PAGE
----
External events and internal events. >External events involve interaction between an entity and its environment, such as a transaction with another company, a change in the price of a product or service that a company buys or sells, or a flood or earthquake. >Internal events occur within an entity, such as using buildings and machinery in its operations, or transferring or consuming raw materials in production processes. Many events have external and internal elements. For example, acquiring the services of employees or others involves exchange transactions that are external events. The employee provides services and the pays the employee. Using those services (labour), is part of production, which is internal. Events may be initiated and controlled by an entity, such as the purchase of merchandise or the use of a machine, or they may be beyond its control, such as an interest rate change, a theft or vandalism, or a change in tax rates. As a particular kind of external event, a transaction can be an exchange in which each entity both receives and gives up value, such as a purchase or sale of goods or services. Alternatively, a transaction can be a transfer in one direction in which an entity incurs a liability or transfers an asset to another entity without directly receiving value in exchange. (In other words, the transaction is non-reciprocal.) Examples include distributions to owners, the payment of taxes, gifts, charitable contributions, uninsured losses, and thefts.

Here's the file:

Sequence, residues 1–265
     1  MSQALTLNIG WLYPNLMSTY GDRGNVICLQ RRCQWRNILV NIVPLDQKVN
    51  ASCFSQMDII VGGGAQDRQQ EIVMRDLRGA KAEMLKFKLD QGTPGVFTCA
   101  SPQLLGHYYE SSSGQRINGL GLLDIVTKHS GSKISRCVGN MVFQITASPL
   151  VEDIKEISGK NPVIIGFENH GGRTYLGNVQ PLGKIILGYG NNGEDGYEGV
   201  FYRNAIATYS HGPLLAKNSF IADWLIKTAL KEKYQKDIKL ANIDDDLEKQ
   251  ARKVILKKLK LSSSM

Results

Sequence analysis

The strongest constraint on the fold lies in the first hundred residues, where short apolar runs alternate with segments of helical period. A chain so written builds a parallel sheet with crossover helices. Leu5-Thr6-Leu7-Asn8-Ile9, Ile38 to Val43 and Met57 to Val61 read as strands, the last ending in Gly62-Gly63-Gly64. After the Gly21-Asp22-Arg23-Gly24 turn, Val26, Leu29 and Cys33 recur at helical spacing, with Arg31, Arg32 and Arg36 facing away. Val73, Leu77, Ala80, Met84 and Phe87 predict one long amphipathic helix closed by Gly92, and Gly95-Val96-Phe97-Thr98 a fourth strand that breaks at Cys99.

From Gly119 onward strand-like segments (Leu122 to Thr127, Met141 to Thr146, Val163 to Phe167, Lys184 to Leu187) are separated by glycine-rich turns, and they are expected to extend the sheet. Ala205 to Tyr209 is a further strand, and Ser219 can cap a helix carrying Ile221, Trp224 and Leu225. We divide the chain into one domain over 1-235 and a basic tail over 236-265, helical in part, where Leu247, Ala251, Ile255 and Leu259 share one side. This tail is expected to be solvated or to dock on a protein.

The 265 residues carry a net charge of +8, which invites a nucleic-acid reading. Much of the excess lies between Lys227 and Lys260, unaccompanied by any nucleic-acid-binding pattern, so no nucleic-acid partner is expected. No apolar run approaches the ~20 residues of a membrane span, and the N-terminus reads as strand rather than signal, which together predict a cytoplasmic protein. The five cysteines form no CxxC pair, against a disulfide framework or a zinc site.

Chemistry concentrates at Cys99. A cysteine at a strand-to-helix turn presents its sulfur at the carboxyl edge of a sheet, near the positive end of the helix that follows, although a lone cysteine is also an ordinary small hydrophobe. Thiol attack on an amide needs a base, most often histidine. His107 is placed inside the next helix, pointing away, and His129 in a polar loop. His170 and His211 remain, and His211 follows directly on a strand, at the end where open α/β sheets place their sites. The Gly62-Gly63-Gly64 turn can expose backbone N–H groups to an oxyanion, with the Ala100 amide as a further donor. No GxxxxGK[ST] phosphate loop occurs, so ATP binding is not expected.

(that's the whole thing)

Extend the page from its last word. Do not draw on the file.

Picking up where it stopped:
In short, most events that affect the enterprise"s financial position are recorded. Some events are not recorded because of tradition or because measuring them is too complex. The accounting profession in recent years has shown signs of breaking with age-old traditions and is more receptive than ever to measuring and reporting events and other items that were previously seen as too complex or immeasurable.